Please rest assured that my company would never intentionally ship a consignment with an expired CITES export permit. This was totally an innocent mistake and error which arose first because the Namibian CITES authority made a clerical error on the face of the export permit, and then because my staff, assuming the export permit was issued for the customary six month period, did not catch the error on the permit prior to shipment.

    In attempting to resolve this problem for Mr. *****, the Namibian CITES authority assured me it was their clerical error, and that they would be happy to resolve this matter by either the U.S. accepting Namibia’s assurance of the propriety of the export and correcting the clerical error of the current permit, or by being allowed to correct this clerical error by the issuance of a replacement permit with the correct expiration date. Apparently, neither of these was acceptable to the U.S. Fish and Wildlife Service.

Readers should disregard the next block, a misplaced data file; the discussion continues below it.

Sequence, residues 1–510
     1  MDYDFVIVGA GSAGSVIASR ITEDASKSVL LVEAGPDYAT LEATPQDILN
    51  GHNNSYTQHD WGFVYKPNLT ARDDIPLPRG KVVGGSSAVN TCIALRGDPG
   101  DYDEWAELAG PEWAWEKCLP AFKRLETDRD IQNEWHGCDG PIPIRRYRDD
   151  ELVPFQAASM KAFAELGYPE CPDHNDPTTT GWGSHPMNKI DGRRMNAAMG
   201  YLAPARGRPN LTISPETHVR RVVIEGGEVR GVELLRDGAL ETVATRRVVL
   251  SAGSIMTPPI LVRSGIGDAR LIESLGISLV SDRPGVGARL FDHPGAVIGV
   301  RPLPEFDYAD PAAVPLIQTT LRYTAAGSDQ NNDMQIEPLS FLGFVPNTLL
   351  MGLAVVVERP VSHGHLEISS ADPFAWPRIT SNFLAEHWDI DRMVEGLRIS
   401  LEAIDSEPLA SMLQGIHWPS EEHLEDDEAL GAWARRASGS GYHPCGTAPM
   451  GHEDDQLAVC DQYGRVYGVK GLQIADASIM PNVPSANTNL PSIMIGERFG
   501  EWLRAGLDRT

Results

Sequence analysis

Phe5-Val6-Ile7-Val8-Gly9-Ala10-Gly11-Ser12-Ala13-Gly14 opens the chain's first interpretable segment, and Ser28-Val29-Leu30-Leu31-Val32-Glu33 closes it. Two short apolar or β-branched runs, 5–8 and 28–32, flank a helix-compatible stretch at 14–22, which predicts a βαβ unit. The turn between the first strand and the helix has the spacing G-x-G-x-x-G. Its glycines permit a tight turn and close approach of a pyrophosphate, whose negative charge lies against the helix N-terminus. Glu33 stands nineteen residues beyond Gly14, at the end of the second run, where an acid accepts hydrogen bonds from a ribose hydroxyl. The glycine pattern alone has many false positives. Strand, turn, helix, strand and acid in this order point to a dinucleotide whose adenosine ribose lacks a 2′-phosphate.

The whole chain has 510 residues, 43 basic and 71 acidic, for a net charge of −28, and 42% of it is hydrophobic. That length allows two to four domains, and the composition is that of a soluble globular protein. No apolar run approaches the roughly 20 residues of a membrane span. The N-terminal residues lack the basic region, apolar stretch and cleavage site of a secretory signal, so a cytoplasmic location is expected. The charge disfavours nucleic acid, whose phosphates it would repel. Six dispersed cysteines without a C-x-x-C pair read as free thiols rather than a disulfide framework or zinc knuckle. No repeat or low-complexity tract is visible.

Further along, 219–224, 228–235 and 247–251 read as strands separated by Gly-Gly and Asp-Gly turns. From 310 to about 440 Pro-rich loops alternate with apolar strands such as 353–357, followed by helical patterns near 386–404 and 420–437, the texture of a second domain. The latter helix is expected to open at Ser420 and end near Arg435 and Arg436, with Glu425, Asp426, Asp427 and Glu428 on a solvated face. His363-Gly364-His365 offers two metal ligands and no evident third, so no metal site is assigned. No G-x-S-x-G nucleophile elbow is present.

If the U.S. Fish and Wildlife Service will not allow this minor error to be corrected, I request that I be allowed to obtain the consent of the Namibian CITES authority for the leopard hide and skull to be returned to Namibia, and then be permitted to have the trophies returned to Namibia.



    USFWS ultimately denied his appeal, refused to return the Leopard skin and skull to Namibia, destroying it instead.

    Don't think that it cannot happen to you, innocent mistakes can come from any direction, including the CITES permit issued by the country you are hunting in... my advice is read every detail looking for any possible mistakes especially when it is an animal that requires a CITES permit.